Fourteen years ago today, marshalling over 50,000 supporters across the Commonwealth, ACM ran a tight and ultimately successful campaign which resulted in a landslide rejection of the politicians' republic nationally in every state and 73% of electorates.
And since then, support for a vague undefined politicians' republic has only collapsed.
Although there is certainly no short-term threat to our constitutional arrangements, ACM remains a relevent organisation. In fact, ACM is the only organisation, monarchist or republican, to have held a national conference each year since the referendum.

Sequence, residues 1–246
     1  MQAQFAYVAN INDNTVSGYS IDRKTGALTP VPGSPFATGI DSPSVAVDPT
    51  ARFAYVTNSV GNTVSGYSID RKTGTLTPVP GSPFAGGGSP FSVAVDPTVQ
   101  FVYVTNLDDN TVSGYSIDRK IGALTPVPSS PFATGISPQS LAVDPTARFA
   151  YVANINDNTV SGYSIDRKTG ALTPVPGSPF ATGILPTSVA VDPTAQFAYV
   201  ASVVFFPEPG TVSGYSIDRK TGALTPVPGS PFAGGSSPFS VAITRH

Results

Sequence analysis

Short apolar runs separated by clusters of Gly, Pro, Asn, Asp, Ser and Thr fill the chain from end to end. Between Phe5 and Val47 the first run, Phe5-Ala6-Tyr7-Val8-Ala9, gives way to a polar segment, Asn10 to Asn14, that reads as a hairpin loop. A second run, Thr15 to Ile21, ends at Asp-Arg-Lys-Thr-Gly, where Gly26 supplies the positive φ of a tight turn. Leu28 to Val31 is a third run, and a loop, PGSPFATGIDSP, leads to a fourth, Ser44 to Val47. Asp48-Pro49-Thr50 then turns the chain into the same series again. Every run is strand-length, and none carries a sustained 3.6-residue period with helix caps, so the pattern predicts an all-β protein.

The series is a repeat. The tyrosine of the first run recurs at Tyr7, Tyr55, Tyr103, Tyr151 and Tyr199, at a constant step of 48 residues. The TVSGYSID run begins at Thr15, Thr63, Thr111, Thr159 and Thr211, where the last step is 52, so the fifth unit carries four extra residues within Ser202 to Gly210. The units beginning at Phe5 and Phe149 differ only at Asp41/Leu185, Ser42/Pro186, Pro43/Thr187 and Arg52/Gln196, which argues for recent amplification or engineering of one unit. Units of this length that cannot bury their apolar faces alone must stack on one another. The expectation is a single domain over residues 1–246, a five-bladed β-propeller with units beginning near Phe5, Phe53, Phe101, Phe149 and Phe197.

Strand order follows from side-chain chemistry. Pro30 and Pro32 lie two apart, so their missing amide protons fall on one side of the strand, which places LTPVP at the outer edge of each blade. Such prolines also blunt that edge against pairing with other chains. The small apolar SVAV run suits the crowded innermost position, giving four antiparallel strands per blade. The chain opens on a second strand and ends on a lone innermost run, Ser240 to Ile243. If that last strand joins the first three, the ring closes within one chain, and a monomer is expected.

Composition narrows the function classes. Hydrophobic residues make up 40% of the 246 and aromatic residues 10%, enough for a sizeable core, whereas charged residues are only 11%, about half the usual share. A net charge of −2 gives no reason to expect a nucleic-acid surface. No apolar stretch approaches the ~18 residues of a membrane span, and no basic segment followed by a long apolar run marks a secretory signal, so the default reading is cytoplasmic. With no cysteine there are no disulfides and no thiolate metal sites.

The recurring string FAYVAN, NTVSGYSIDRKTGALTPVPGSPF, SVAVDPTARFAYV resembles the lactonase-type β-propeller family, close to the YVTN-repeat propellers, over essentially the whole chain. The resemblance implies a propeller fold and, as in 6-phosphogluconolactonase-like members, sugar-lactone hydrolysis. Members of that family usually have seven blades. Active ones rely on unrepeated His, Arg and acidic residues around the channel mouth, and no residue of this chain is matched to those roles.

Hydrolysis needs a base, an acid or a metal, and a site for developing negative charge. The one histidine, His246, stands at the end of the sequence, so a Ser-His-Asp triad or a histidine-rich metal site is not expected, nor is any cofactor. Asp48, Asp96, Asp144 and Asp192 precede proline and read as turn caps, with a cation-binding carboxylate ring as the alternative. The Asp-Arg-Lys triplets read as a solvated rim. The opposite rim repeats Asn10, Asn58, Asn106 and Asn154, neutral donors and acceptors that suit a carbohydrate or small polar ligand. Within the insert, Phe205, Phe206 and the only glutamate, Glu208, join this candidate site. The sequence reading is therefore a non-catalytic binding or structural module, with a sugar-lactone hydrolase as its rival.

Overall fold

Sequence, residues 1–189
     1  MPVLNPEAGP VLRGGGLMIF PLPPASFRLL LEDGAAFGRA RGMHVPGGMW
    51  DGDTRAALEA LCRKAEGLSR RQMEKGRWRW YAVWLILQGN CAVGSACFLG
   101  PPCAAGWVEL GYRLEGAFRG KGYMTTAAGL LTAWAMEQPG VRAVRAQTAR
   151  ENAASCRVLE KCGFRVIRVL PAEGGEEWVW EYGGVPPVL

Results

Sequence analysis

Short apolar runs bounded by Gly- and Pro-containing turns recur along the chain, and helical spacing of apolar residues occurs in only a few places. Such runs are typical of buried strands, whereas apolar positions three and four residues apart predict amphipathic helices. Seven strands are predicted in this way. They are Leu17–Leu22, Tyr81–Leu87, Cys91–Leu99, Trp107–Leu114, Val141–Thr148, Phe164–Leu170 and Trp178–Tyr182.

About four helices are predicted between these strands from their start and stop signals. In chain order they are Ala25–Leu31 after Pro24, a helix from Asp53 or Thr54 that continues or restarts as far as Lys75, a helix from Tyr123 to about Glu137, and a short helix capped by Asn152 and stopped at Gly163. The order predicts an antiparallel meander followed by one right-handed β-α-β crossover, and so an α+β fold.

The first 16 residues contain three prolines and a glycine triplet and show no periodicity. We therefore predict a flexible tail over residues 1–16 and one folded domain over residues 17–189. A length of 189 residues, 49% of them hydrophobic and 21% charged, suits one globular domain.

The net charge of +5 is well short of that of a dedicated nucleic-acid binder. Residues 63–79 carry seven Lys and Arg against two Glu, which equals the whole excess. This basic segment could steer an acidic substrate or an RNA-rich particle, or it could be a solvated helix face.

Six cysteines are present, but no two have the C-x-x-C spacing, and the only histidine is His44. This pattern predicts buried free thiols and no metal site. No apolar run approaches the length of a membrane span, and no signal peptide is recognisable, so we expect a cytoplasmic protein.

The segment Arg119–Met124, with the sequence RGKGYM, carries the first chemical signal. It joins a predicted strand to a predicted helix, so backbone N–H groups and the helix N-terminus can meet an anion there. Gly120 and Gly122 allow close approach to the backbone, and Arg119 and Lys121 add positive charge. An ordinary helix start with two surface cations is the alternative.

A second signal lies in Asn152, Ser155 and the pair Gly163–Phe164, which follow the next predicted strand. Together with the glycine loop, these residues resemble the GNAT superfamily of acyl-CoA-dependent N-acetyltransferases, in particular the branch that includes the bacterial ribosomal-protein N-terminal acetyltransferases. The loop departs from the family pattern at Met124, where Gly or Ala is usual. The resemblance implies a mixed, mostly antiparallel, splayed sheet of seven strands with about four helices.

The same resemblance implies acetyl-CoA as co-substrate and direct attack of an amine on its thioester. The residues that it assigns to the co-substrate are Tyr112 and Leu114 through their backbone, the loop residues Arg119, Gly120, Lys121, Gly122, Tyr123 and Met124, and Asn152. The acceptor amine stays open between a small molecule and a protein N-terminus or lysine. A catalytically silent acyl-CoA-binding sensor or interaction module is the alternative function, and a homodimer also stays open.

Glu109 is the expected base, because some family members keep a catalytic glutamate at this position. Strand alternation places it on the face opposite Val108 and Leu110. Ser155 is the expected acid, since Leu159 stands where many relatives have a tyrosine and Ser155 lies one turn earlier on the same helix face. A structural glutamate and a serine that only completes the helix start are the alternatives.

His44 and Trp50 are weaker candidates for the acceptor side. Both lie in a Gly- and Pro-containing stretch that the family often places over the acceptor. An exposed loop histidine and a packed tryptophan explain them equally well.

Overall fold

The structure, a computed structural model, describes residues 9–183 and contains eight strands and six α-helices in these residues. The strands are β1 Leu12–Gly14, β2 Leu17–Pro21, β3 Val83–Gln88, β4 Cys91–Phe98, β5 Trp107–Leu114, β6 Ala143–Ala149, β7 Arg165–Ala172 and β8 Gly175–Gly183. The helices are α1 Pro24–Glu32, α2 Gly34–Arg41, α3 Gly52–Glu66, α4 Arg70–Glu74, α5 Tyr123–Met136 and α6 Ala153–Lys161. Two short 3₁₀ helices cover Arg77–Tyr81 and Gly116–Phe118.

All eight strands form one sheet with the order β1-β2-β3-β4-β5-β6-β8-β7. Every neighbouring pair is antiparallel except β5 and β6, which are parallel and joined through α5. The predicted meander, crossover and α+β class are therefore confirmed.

ACM is now primarily focused on informing young and new Australians about the role of the Crown in our system of govenment.
But ACM also has another important role – a role which will be one of the themes of this year's national conference. That is to fight what we call republicanism by stealth – thost covert attempts to remove the symbols of the Crown.
It may be fourteen years on, but ACM is not going anywhere and will continue its important work in civics education and to fight for the restoration of the symbols of the Crown, which many have sought to undermine.